We often appear to look perfectly normal. We are repeatedly told, "but you don't look sick!" People, often even our family and friends, feel our symptoms are highly exaggerated. Sometimes we get an immediate reaction. Other times we seem to suffer a delayed reaction to an exposure.

What others might perceive as a minor exposure to inks, paints, smoke, perfumes, carpet cleaners, exhaust fumes, electrical fields, etc. can steal all quality of life for days or even weeks. We can even lose our life! Obvious and immediate reactions can be headache, nausea, pin-hole pupils, seizures, muscular pain, mental confusion, slurred speech, loss of voice, lack of coordination, etc. Delayed reactions can include longer-term neurological impairment, respiratory malfunction, bloodshot eyes, choking, insomnia, and severe chest pain, etc.

With very few physicians who understand this illness and many who even deny its existence they will try to treat symptoms with antidotes that can further break down our immune system and do us no good at all.

The cycle continues. Our body gets weaker and weaker. It gets where it takes smaller and smaller exposures to cause an adverse reaction. We become even more hypersensitive. It seems like everywhere we go something makes us sick. We have no control over it.

We stay in a state of turmoil. One day we appear halfway normal, but then out of nowhere we have are debilitated. We did not choose to have this illness and we know it's hard for others to comprehend. We couldn't even understand it ourselves until we experienced it taking place over and over again. Many of us had no idea what was happening to us. Our sense of smell is so keen...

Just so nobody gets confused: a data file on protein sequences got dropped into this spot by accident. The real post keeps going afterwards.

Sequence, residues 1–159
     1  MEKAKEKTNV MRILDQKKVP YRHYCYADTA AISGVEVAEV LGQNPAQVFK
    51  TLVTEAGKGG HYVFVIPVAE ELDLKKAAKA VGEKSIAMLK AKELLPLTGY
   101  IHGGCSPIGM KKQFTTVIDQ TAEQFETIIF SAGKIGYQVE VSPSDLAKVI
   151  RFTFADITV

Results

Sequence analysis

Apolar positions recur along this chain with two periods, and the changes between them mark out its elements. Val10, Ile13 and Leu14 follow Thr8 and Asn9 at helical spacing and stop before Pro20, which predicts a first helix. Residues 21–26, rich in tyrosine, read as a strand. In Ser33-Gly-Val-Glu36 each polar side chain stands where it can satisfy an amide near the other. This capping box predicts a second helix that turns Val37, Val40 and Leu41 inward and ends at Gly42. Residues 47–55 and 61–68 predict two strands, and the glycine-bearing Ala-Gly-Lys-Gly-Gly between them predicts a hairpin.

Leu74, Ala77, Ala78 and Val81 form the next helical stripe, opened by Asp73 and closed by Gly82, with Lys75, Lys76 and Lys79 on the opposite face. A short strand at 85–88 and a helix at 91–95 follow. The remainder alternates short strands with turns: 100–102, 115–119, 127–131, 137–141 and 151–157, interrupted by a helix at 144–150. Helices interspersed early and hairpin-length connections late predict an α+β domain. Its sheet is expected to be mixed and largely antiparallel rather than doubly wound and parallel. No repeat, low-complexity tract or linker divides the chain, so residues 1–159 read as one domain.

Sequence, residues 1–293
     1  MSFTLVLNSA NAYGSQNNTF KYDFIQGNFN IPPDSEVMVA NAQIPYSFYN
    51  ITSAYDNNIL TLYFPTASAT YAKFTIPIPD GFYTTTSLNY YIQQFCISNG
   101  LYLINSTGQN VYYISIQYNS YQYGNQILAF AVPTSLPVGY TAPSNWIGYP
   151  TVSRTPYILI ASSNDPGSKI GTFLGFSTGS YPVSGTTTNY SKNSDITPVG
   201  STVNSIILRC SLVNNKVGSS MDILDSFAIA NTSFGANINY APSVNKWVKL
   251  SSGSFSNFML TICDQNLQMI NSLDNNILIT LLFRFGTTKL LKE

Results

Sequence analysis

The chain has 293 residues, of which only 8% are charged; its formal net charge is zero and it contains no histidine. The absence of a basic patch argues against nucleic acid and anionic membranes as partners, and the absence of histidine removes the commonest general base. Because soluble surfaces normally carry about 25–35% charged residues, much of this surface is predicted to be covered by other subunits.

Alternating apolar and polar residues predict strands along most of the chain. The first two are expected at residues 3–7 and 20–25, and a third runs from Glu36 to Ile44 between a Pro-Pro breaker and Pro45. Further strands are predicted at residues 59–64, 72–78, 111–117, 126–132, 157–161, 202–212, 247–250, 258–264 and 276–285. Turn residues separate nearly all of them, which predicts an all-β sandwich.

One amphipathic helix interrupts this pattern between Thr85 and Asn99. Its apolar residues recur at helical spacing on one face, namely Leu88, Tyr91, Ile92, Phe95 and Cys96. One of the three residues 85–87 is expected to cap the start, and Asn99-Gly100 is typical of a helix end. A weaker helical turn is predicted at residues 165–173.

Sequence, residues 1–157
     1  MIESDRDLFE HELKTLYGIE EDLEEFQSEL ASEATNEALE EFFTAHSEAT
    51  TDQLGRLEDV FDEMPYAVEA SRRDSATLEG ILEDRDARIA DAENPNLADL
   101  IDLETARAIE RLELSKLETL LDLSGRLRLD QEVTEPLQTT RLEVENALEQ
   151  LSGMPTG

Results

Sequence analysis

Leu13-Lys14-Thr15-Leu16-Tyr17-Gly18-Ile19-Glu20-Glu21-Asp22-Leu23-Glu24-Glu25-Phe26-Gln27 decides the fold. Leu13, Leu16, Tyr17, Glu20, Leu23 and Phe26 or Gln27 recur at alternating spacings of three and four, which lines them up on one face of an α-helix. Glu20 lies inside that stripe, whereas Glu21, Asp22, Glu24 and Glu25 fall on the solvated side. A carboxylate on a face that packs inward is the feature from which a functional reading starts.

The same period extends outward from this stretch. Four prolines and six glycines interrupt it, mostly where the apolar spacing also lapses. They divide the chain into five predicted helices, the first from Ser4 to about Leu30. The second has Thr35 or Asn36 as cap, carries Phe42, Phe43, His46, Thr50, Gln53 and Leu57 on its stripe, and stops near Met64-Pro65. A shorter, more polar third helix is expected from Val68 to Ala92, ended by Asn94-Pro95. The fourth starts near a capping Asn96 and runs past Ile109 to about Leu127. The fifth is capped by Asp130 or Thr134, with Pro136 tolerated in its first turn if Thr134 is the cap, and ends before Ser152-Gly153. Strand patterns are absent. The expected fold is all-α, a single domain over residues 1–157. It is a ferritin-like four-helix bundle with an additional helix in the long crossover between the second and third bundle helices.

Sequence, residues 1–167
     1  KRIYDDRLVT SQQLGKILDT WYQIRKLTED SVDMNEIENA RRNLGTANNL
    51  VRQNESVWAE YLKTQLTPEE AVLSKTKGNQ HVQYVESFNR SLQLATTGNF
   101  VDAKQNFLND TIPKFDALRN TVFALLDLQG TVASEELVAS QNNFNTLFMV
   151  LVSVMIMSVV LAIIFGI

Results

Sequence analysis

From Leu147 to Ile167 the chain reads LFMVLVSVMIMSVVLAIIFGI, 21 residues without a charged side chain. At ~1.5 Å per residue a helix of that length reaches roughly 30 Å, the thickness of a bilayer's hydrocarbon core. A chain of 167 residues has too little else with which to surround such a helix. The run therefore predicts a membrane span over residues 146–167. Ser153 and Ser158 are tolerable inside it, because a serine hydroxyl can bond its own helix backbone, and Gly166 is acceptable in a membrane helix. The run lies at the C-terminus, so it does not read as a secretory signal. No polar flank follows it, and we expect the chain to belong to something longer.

All we ask is to show us the same respect you would show others who are disabled or suffer a chronic illness. If we tell you certain products and chemicals bother us, please know that we have already seen what they do to us. We never forget the pain inflicted by these chemicals.

We are being straight with you. We really can't tolerate certain things! If you really care about us, please take us seriously! I know in my heart I would do that for you.

Some of you may somehow think if you tell us you're not wearing scented perfume or hide the fact that Pest Control just sprayed your house with pesticides that we won't know the difference. We'll probably be okay. It doesn't work that way. It's not the smell that makes us sick. It's the biological action of the chemicals on a now sensitized brain and body.

You really are playing with our life when you don't try to avoid using these products around us. We know the world is not going to change for us. Yet we don't want to have to live in a bubble. We want to be around the people we love. We want to be more than a mere existence. Our hopes and dreams still live within our hearts. If you really care about us, please realize how serious this issue really is.



 

Definitions of "Raw" in Powerlifting

Forum Post

By Gary F. Zeolla

Many powerlifters wear a squat suit and bench shirt in training and in competition. A squat suit basically looks like a wrestler's singlet, while a bench shirt looks somewhat like a short sleeve T-shirt. However, both are made of very strong and thick material, using polyester, denim, or canvas. Briefs are also sometimes worn under the squat suit. These look somewhat like boxer shorts, except they come up much higher on the torso, and again, are made of much stronger material. The suit, briefs, and shirt are also usually fitted so that they fit very tight. It can sometimes take one or two helpers for a lifter to get the gear on and off.